Empty Days

Friday, July 09, 2004



Science and paranoia.

There is a wide-spread paranoia about computer becoming autonomous sometime in a rather near future. Science-fiction is suffused with it (P.K.Dick, Kubrick's Odyssey 2001, etc etc etc). I once corresponded with a suicidal individual who was rationalizing his death-wish as based on this particular futuristic fear - he was generally paranoid yet persisted in arguing coming doom and gloom derived from his supposedly superior comprehension of developments in the AI sector. Now I encounter the same exact obsession in Kaczinski's 1971 essay:
Marvin Minsky of MIT (one of the foremost computer experts in the country) and other computer scientists predict that within fifteen years or possibly much less there will be superhuman computers with intellectual capacities far beyond anything of which humans are capable. It is to be emphasized that these computers will not merely perform so-called "mechanical" operations; they will be capable of creative thought. Many people are incredulous at the idea of a creative computer, but let it be remembered that (unless one resorts to supernatural explanations of human thought) the human brain itself is an electro-chemical computer, operating according to the laws of physics and chemistry. Furthermore, the men who have predicted these computers are not crackpots but first-class scientists.
Somehow this sort of discourse resembles the UFO galore - a certain myth wrapped in science-like apparel. Terrifyingly superior cyborgs or/and extra-terrestrials seem to embody today man's sense of powerlessness and a deep fear of an immensely complex world. In the age of science, man is very far from feeling god-like and in control of the inner and outer world - the unknown is bound to produce the terrifying. In the myth of machines taking a life of their own the world is represented as ruled by terrifyingly incomprehensible technology - the whole of Unabomber's Manifesto is centered around the idea of a society far too immense and complex to be under any sort of merely human control. In the UFO myths the same idea is extended to the universe as deep-space - the outer unknown from which unimaginably superior, tyrannical forces are bound to arise. Man is not God, and when such forces finally surge from the depths of the unknown, there will be no Creator and Ruler of the Universe to appeal to. I suppose this is the underlying theme of most latter-day science-fiction - which is the most paranoid sort of literature you could think of.

In other words, we are dealing with the fears of a child locked in a big dark room - it may be empty, or it may be full of monsters. In either case, it is not a good place to be in.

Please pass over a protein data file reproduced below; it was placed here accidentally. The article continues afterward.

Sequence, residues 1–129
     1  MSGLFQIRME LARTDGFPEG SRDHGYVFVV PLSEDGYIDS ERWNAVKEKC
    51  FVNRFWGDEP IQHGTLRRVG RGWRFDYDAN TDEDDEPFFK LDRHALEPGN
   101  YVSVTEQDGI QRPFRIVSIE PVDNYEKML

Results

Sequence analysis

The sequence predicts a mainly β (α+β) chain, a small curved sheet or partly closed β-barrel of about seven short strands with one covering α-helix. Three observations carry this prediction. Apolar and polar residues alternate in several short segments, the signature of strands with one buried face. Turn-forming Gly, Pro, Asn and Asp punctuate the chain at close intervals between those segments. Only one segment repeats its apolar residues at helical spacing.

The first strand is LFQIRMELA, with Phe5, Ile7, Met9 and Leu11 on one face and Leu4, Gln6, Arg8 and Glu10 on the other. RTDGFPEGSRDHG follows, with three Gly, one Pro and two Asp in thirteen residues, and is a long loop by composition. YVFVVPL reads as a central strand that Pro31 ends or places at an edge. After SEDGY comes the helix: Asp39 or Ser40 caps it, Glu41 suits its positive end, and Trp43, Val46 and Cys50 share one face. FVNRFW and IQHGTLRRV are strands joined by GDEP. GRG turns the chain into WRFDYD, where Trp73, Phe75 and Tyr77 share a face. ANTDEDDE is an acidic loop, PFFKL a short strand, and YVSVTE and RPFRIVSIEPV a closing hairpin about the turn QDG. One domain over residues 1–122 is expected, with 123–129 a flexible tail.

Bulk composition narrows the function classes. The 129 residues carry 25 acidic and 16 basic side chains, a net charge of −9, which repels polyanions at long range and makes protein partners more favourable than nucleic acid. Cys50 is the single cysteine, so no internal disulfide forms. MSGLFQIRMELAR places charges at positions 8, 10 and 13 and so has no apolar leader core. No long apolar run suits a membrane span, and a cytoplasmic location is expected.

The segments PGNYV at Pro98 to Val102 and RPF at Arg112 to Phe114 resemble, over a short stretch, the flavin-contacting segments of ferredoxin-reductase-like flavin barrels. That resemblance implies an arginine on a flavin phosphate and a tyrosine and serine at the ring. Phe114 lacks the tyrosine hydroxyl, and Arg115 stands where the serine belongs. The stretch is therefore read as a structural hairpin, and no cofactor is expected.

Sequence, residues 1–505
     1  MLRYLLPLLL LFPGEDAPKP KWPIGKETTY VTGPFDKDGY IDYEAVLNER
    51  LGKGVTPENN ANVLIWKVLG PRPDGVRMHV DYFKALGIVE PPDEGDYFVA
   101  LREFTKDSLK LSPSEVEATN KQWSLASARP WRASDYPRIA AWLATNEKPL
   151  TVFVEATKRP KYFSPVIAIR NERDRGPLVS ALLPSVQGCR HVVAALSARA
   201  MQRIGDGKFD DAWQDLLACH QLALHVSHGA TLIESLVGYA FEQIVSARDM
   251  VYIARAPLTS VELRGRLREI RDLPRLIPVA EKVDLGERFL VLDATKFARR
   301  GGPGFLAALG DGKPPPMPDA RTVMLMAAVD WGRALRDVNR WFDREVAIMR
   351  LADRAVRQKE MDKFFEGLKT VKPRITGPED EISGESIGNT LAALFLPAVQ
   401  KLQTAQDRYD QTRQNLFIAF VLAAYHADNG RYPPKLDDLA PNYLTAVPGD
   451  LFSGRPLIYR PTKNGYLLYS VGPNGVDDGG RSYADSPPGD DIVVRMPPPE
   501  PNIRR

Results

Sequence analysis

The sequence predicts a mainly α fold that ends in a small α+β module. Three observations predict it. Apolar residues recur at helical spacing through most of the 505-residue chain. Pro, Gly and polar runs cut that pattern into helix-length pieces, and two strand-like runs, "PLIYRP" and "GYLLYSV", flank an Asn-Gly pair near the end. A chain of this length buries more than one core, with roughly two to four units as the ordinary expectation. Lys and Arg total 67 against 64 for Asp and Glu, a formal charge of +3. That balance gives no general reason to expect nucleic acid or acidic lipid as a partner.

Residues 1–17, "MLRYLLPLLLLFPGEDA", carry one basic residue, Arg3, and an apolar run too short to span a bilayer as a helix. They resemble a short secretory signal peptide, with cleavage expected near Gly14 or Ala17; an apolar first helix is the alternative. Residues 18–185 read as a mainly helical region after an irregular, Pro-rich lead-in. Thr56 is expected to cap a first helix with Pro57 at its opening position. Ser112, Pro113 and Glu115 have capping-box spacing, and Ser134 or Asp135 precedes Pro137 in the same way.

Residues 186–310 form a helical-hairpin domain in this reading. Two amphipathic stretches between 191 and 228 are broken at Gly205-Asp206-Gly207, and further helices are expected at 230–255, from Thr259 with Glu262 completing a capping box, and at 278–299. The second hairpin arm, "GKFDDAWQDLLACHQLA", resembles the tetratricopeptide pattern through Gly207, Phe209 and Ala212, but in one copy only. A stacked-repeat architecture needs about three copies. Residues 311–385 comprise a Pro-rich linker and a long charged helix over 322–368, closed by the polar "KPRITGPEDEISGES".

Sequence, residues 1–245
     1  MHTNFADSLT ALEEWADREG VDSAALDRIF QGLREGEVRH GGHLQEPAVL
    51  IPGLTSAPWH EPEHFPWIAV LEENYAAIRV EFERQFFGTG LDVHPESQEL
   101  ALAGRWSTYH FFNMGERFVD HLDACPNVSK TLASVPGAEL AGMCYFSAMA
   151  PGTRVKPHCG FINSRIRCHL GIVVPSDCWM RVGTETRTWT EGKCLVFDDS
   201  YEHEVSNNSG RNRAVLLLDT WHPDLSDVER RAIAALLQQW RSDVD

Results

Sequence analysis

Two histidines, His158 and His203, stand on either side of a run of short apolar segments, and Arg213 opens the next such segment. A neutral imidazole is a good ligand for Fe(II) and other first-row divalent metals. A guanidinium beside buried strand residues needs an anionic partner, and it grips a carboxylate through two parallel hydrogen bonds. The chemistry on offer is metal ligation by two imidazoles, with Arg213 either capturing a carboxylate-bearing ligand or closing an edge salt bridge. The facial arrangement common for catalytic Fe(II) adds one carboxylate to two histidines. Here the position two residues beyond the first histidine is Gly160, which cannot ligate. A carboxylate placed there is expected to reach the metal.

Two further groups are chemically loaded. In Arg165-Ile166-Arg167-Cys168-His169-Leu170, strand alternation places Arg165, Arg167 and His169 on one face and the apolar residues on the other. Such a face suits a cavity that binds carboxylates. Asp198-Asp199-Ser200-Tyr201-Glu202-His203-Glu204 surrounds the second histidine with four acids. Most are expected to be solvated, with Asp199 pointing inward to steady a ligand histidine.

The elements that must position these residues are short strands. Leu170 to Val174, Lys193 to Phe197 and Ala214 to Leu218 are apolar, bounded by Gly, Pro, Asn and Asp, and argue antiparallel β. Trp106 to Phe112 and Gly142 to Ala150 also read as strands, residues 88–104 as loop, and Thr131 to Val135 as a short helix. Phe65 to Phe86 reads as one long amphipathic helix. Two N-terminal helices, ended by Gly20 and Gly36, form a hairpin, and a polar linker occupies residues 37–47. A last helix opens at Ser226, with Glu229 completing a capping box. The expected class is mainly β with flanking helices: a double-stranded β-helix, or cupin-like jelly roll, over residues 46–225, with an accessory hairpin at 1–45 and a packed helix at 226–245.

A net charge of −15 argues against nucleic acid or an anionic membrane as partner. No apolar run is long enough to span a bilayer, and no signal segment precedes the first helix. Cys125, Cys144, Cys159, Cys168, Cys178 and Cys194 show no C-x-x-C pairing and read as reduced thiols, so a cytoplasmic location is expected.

***

I have personally met a chinese specialist (probably quite brilliant but it's hard for me to judge - we simply happened to share a table in a chinese diner) who was researching possible integration of human brain (neuro-science) and AI (artificial intelligence). From what she told me the concept was not experimental but already perceived as a project that only demanded further research into material application.

I had the hardest time understanding what she was talking about.

She was only a Ph.D. student in that field. Here's an article by Bill Joy dealing with the same subject. The man is no novice. Doomsday-sayer or not, it's quite a read - Why the future doesn't need us:
In the book, you don't discover until you turn the page that the author of this passage is Theodore Kaczynski - the Unabomber. I am no apologist for Kaczynski. His bombs killed three people during a 17-year terror campaign and wounded many others. One of his bombs gravely injured my friend David Gelernter, one of the most brilliant and visionary computer scientists of our time. Like many of my colleagues, I felt that I could easily have been the Unabomber's next target.

Kaczynski's actions were murderous and, in my view, criminally insane. He is clearly a Luddite, but simply saying this does not dismiss his argument; as difficult as it is for me to acknowledge, I saw some merit in the reasoning in this single passage. I felt compelled to confront it.
What we regard as paranoia today might turn out true tomorrow - but it will come about in a banal, gradual, non-threatening way. A sheep was cloned fairly recently - nobody died or had a heart-attack.

And so on.

(That's exactly what Houellebecq says too... "but he's French and not a hi-tech wiz". And?)

***

And here's confirmation from Bill Joy himself:
I went through my now-familiar routine, trotting out the ideas and passages that I found so disturbing. Danny's answer - directed specifically at Kurzweil's scenario of humans merging with robots - came swiftly, and quite surprised me. He said, simply, that the changes would come gradually, and that we would get used to them.
People get used to everything, as Blaise Pascal said in his french XVII century - one may wonder what's the exact use of prophets under such conditions. Perhaps prophets are those who can still find something disturbing enough - but only because it hasn't occured yet. Heh.





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